Whether you’re working on a complex commercial construction project or a small-scale project, it can be difficult to keep up with your subcontractors. We often get cold calls from building owners who are overseeing construction on their own for us to pick up where they left off when trades aren’t showing up and projects are at a standstill. Here are a few tips from our expert general contractors to keep your project moving if you do choose to oversee it on your own:
Even if someone comes highly recommended from a colleague or you have seen their work, always check more than one reference. When it comes to specialized skills like tile work, for example, or something like sign design and construction—make sure you can see more than one example of their work. If it’s local, go out and put eyes on it yourself. Make sure that their work stands up under use.
When hiring subcontractors, the most important step is to check their references. This helps ensure that the subcontractor you are considering has a proven track record of successful projects. Additionally, it helps provide an understanding of how they work with clients and other professionals in the industry.
You can start by asking for names and contact information for previous clients who have worked with your potential subcontractor. Ask these past customers about their experience working with your subcontractor — particularly areas such as communication, timeliness, quality of workmanship, cost control, etc. If possible, visit job sites where services were provided to physically view the quality of the work done.
In addition to providing insight into the capabilities and integrity of a potential subcontractor, checking references also helps to protect your business. By gathering and verifying a subcontractor's background information, you can avoid potential legal problems that may arise from hiring an unqualified or dishonest worker.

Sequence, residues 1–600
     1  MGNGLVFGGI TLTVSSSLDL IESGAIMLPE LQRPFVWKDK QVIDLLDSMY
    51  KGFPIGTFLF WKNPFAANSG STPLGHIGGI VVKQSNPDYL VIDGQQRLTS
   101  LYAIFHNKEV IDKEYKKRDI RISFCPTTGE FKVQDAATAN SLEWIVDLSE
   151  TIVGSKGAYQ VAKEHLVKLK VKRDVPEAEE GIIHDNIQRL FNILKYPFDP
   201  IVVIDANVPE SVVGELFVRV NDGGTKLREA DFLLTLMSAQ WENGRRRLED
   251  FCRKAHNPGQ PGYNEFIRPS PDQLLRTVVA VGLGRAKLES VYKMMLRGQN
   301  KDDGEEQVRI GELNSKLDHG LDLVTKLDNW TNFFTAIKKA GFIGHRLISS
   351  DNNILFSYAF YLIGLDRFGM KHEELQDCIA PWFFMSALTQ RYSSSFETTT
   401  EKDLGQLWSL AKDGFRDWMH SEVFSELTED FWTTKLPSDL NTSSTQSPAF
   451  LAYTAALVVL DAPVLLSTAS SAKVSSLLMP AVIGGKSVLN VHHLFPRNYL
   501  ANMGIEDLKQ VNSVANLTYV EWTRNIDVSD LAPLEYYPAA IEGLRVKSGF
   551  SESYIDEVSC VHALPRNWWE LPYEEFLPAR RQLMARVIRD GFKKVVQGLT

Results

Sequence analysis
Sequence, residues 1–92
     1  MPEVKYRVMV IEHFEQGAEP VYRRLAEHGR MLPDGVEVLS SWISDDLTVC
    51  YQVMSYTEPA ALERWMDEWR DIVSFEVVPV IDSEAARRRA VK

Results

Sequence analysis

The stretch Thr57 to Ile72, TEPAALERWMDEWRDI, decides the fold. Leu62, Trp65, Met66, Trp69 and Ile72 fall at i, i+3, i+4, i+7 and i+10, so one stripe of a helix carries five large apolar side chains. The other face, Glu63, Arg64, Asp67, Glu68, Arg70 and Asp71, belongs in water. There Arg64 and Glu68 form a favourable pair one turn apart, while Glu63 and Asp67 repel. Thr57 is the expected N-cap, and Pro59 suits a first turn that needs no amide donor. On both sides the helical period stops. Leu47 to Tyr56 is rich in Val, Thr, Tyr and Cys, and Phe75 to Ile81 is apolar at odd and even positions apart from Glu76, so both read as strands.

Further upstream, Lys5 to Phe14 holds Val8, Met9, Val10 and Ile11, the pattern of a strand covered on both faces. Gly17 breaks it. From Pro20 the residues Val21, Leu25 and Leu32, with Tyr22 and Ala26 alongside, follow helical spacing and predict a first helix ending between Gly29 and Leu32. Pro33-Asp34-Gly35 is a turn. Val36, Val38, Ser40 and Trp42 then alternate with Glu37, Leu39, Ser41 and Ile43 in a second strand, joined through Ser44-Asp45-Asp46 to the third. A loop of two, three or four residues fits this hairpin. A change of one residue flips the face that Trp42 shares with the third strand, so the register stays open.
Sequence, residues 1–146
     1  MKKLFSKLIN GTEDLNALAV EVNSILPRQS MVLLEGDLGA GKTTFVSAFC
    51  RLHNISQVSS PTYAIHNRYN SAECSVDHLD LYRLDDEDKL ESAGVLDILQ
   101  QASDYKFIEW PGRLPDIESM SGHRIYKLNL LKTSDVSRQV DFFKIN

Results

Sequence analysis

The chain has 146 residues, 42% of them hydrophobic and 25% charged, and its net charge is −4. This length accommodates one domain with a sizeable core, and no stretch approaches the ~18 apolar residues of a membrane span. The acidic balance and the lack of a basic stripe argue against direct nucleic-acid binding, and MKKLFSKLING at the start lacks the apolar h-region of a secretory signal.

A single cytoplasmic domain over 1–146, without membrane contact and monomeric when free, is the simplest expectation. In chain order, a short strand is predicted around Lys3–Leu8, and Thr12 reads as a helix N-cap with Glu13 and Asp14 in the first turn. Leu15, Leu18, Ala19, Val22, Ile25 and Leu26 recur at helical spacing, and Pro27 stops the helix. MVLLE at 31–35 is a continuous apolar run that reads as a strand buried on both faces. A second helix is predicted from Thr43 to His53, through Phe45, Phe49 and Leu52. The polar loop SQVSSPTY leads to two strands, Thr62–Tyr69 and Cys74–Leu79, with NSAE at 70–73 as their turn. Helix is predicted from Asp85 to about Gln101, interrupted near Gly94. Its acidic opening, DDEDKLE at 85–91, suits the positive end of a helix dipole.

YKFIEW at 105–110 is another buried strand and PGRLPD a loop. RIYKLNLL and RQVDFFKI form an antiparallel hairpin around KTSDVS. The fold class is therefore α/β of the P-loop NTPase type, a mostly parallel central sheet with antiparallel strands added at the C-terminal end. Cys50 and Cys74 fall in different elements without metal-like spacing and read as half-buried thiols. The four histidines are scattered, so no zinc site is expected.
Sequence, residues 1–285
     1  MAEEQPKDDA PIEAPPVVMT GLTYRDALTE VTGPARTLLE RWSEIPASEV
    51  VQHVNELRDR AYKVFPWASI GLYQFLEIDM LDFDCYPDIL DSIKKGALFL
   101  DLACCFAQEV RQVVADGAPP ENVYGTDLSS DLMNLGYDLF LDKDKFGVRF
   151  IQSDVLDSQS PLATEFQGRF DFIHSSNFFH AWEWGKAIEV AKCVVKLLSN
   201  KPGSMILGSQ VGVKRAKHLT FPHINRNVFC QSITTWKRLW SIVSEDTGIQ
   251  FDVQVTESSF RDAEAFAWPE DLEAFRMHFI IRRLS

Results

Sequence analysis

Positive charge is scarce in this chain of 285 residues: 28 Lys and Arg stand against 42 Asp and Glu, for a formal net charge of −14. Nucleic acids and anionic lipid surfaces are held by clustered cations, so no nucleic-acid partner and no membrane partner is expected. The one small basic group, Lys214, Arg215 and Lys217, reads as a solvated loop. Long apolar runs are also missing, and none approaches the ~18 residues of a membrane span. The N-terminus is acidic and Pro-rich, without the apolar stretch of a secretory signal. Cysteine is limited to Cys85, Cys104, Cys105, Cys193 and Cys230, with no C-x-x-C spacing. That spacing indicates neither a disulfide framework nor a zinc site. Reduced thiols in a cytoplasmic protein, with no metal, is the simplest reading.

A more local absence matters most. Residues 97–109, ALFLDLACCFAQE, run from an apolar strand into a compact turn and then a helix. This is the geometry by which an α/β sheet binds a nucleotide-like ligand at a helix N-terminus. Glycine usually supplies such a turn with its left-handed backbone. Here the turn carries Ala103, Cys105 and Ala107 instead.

It is important to remember that the process of checking references should be conducted before signing any contracts or making any verbal agreements with the subcontractor. Doing so will help ensure that you hire only trustworthy contractors who can complete projects to your satisfaction. Ultimately, taking the time to check a subcontractor’s references will save you money, time, and headaches in the long run.
Before you even start your project, create a timeline for approvals. Make sure that you are checking against the contract to make sure that everything agreed upon was performed. Review the workmanship or quality. Do all electronics work?
When it comes to subcontractors, it's important to inspect their work before giving them the go-ahead. This is because subcontractors don't have the same level of accountability as those you're directly hiring, and they may not be taking the same care with their work.
Checking up on them can help ensure that a quality job is done and that any potential problems are identified early, preventing costly delays down the line. Inspecting your subcontractors' work also gives you greater visibility into how they operate, allowing you to make sure they're adhering to safety regulations and meeting other expectations for your project.
By doing so, you can rest assured knowing that everything has been completed correctly and efficiently. Ultimately, a thorough inspection of your subcontractors' work will save you time and money in the long run.
For tips on inspecting your subcontractors' work, consult a professional contractor or visit online resources such as the Better Business Bureau or Contractor Check. These websites provide detailed information about checking up on subcontractors, including advice on what to look for and how to evaluate their performance. Additionally, be sure to check references from past customers to get an idea of how reliable they are and if any issues have arisen during previous projects. Taking these extra steps can help ensure that your project runs smoothly and that everything is completed according to safety regulations and standards.
Sometimes you need eyes and ears on the ground during a project. Consider hiring a facility manager, which we can provide at Rubicon. Not only will the facility manager know your building better than an outside subcontractor, but they can conduct thorough inspections of any subcontractor’s work and provide detailed reports back to you. They can also help act as a liaison between you and the tenants to minimize impact if construction is being done in occupied spaces.